• In tense times, Maroon 5 does not want protest songs


    Maroon 5 frontman Adam Levine

    NEW YORK: Tensions may be mounting dangerously around the world but for Maroon 5, this isn’t the time for protest songs—it’s time to dance.

    The chart-topping pop-rockers on Friday release their sixth studio album, “Red Pill Blues,” a collection of toe-tapping, funk-inflected tracks that mine the emotional drama of human relationships.

    Frontman Adam Levine, whose ever-impressive falsetto again powers much of the music, was unapologetic about not joining the growing number of pop stars who are getting political on their 2017 albums, saying he can count on one hand the number of protest songs he found successful.

    “I can tell you right now that every songwriter that just sat down and said, ‘I’m going to write a song that is going to change the world,’ probably did not do that,” Levine, lounging deeply in his chair, told AFP in a New York hotel suite.

    The 38-year-old singer—who has become an even bigger presence in US pop culture as a coach on television talent show “The Voice”—is not afraid of expressing his political views, which lean left. He has taken to social media to criticize President Donald Trump and has been a longtime champion of gay rights.

    But he said: “Sometimes people trivialize the existence of pop music a lot by saying, ‘It’s stupid, let’s write a protest song.’ But that’s an extremely narrow-minded way to look at it.”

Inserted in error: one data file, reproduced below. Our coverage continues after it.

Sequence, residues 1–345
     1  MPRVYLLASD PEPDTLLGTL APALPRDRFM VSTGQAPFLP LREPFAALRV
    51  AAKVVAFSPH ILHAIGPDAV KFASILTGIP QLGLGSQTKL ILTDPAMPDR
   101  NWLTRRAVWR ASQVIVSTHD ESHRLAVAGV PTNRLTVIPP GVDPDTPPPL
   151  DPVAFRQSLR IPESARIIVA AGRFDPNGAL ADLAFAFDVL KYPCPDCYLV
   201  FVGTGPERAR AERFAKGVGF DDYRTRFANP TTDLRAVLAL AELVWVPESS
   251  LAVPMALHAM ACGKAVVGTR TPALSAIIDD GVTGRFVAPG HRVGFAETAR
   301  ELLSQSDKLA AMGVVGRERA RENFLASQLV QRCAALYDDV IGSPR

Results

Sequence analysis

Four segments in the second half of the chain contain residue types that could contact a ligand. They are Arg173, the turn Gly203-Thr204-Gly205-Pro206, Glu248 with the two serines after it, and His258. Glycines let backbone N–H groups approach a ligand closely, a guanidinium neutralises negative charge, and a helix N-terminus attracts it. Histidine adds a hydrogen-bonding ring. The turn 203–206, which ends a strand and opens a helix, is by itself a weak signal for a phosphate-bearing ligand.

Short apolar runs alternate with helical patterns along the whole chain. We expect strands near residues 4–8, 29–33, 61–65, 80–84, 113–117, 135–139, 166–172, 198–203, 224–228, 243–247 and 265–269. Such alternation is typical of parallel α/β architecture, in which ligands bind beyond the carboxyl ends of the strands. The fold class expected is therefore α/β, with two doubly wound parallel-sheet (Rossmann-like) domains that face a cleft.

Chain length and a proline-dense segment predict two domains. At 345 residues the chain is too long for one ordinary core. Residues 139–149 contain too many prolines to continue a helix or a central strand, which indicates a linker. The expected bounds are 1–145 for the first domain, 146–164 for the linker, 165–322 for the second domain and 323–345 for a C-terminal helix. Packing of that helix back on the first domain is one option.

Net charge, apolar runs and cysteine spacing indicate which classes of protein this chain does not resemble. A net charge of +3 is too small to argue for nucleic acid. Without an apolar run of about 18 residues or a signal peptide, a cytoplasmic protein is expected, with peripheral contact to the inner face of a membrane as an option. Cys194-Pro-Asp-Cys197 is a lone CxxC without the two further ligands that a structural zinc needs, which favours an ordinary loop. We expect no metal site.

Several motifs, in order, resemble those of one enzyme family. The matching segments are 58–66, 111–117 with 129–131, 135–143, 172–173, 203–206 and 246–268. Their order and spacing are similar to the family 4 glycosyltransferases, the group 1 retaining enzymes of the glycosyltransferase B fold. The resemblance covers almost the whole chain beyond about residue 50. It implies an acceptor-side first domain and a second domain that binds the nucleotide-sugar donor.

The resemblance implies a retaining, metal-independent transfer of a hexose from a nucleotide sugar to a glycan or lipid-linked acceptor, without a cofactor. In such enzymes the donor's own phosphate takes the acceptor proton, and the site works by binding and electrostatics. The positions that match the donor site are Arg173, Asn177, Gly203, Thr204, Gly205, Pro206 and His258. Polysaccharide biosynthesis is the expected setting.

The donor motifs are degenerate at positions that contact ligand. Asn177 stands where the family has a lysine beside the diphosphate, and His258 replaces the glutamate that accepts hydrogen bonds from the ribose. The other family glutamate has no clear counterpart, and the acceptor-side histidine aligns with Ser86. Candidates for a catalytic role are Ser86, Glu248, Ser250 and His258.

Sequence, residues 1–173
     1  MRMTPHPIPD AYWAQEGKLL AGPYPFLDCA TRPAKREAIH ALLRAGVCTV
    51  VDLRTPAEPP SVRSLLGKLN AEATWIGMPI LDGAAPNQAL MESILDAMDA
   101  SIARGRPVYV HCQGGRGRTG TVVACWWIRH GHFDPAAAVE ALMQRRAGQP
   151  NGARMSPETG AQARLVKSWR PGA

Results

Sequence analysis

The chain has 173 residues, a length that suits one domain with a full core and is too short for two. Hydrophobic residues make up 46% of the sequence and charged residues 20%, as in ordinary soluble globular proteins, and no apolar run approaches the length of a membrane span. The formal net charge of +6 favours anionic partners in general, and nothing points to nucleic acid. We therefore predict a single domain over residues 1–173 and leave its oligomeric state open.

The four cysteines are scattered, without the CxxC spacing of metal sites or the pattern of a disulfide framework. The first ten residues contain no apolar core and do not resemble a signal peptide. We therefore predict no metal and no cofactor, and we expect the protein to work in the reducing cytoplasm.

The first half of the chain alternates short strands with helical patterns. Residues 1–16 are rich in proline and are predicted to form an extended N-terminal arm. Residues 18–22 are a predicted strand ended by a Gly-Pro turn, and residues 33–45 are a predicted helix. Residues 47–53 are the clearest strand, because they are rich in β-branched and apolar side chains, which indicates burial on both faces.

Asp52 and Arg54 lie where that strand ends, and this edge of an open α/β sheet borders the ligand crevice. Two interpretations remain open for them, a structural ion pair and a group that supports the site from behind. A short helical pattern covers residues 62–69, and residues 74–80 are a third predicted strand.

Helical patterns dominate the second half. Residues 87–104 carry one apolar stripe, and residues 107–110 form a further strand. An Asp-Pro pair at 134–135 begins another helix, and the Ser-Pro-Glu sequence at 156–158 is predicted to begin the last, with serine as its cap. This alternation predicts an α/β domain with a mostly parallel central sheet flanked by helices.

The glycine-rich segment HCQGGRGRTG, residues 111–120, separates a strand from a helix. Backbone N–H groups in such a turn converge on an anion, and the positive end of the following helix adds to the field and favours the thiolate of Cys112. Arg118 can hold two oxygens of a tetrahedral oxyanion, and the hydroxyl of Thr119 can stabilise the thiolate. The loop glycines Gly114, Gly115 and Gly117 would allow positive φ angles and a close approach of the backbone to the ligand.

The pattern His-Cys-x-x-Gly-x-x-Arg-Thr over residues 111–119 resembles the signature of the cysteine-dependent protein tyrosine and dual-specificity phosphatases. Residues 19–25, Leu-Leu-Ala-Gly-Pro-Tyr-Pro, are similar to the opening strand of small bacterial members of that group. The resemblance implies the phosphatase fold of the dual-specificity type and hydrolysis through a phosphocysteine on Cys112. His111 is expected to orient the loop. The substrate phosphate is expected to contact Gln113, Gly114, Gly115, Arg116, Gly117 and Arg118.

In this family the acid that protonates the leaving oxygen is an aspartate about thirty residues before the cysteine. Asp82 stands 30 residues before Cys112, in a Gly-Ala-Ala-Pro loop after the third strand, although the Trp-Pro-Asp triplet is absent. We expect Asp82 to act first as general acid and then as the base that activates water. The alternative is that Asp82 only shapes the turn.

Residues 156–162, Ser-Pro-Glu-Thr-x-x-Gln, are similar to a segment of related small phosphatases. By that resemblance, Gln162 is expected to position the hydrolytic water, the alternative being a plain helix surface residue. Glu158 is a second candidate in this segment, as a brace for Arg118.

“I think that pop music has a level of sophistication that sometimes goes undetected,” he said.

    “Releasing the right kind of songs at the right times is an extremely important and under appreciated art form,” Levine said, adding after a short pause: “In my humble opinion.”

    Red Pill Blues through its title offers subtle commentary on the current moment. The imagery comes from sci-fi cult classic “The Matrix,” whose protagonist is offered a choice between the “red pill” of knowledge and the “blue pill” of ignorance.

    On Red Pill Blues, Maroon 5 lets minimal if melodic keyboards take the lead on tracks such as “Best 4 U,” “Plastic Rose” and the early singles “Don’t Wanna Know” and “What Lovers Do.”

    The album also sees Maroon 5 collaborating with top stars of the moment, including rappers Kendrick Lamar and Future and singers SZA and Julia Michaels.



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